Coronavirus update: repossessions are on hold
The Financial Conduct Authority has said that mortgage lenders shouldn't start or continue court action for repossession until at least 31 October.
That means they must not go to court for a repossession order or ask bailiffs to evict you.
What happens if your landlord is repossessed
The lender can apply for a repossession order from court if your landlord breaks their mortgage agreement.
This could be because:
- your landlord has mortgage arrears
- they've rented the property out without the lender's permission
The court could make a repossession order unless the landlord puts things right.
Tenancies that are binding on the lender
You can stay in your home if you have a binding tenancy. This means you become a tenant of the lender if the court makes a repossession order.
If you don't have a binding tenancy
You can be evicted by court bailiffs once the date on the possession order has passed. But you can still ask the court to delay the process for up to 2 months.
How you find out about an eviction
Your landlord’s mortgage lender must send a letter to the property addressed to ‘the occupiers’ when they get a date for the court hearing.
They must send a second notice if they apply for a bailiffs warrant. The earliest an eviction can take place is 14 days after this notice.
How to delay an eviction
You can ask for a delay either:
- at the hearing
- after the hearing
If you're granted a delay at the hearing, you can't ask again at a later date.
The court might order you to pay rent to the lender instead of the landlord until you move out.
At the court hearing
You can go to the hearing and ask the judge to delay the date for possession for up to 2 months. This gives you extra time to find somewhere else to live.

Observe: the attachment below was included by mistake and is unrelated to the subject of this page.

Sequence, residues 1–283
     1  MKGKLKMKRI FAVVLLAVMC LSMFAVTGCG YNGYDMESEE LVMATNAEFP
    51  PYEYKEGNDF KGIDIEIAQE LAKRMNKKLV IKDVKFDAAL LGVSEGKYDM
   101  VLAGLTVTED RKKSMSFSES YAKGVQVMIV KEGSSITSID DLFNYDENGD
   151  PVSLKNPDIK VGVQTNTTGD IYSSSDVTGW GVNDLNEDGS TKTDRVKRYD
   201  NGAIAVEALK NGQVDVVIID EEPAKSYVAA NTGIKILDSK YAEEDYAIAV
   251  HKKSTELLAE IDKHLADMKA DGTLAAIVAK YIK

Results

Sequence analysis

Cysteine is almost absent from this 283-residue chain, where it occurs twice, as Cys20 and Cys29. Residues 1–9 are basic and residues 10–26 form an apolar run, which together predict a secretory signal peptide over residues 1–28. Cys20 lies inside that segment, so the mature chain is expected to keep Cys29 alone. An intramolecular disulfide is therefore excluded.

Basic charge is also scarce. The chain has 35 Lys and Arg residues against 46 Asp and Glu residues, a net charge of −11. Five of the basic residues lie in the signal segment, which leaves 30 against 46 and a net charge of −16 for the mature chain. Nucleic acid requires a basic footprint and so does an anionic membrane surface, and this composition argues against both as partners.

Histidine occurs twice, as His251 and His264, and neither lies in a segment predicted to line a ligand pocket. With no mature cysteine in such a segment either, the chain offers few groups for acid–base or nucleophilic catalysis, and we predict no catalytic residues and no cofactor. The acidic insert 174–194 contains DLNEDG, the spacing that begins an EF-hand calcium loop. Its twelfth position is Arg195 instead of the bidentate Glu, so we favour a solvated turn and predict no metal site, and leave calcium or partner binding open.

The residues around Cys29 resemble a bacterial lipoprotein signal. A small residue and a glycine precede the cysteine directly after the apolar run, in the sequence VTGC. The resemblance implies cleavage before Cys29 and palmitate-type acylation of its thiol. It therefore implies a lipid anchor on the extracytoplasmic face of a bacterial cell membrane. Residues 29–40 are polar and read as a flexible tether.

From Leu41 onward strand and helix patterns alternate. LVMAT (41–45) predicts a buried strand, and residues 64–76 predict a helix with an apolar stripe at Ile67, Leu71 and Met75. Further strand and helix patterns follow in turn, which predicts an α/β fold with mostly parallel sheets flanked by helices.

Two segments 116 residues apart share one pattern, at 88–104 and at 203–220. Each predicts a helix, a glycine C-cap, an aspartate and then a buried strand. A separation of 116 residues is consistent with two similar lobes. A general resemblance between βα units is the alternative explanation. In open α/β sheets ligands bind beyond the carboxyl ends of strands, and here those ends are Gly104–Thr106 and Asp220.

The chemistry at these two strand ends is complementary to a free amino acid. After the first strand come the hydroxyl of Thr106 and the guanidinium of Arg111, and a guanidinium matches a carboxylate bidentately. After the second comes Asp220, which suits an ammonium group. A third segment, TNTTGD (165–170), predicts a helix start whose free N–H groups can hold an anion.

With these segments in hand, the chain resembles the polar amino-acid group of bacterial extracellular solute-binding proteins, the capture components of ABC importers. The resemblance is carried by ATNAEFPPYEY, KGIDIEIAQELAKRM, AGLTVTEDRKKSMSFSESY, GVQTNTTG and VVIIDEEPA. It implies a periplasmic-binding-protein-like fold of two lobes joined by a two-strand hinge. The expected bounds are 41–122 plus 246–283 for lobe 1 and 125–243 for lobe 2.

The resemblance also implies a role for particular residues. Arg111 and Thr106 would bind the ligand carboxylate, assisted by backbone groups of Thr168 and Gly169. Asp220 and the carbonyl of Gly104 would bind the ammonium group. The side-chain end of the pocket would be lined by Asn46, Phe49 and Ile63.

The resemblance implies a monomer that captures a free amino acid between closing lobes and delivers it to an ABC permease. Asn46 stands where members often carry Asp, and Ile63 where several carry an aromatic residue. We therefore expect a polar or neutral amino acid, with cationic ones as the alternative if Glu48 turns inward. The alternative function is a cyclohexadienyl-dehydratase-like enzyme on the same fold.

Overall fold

You won’t need to be named on the court paperwork to do this, but you’ll need proof of your tenancy such as your tenancy agreement or proof of your rent payments.
After the court hearing
You need to write to your landlord’s lender to ask them to delay the eviction. Include a copy of your tenancy agreement.
Here's an example of what you should write:
Re: [Your name and address]
I am writing to inform you that I have held an assured shorthold tenancy at the above address since [tenancy start date]. I enclose a copy of my tenancy agreement.
You have issued possession proceedings against the owner of the property who is my landlord. I understand that you have obtained a possession order and have applied to enforce this.
As a result, I am/myself and my family are due to be evicted on [date of eviction warrant]
Now it has been brought to your attention that the property is tenanted, I kindly ask that you provide me with a written undertaking confirming:
- You will withdraw the warrant of possession
- You will not take further enforcement action for a period of two months
Allowing me a further two months in the property will give me time to find other accommodation and raise the funds to secure it.
Please respond no later than [DD/MM/YY]. If no response is received or you refuse to provide a written undertaking I will apply to the Court to suspend the warrant of possession for two months.
If the lender refuses or doesn’t respond
You can ask the court to delay the eviction for up to 2 months if you haven't already done this at the hearing.
Use court form N244 to ask for a delay. Return it to the court. The address will be on the notice you got from the landlord's lender.
The court usually arranges a short hearing to decide whether or not to delay the eviction. The court informs the lender and your landlord of the hearing date.
Eviction by bailiffs
You don't have to wait for an eviction by bailiffs to happen if you have somewhere else to move to.
You can ask the council for help if you're facing homelessness because of the eviction.
You shouldn't be charged for the costs of eviction as this will usually be added to your landlord's debt.
Last updated 30 March 2020 | © Shelter
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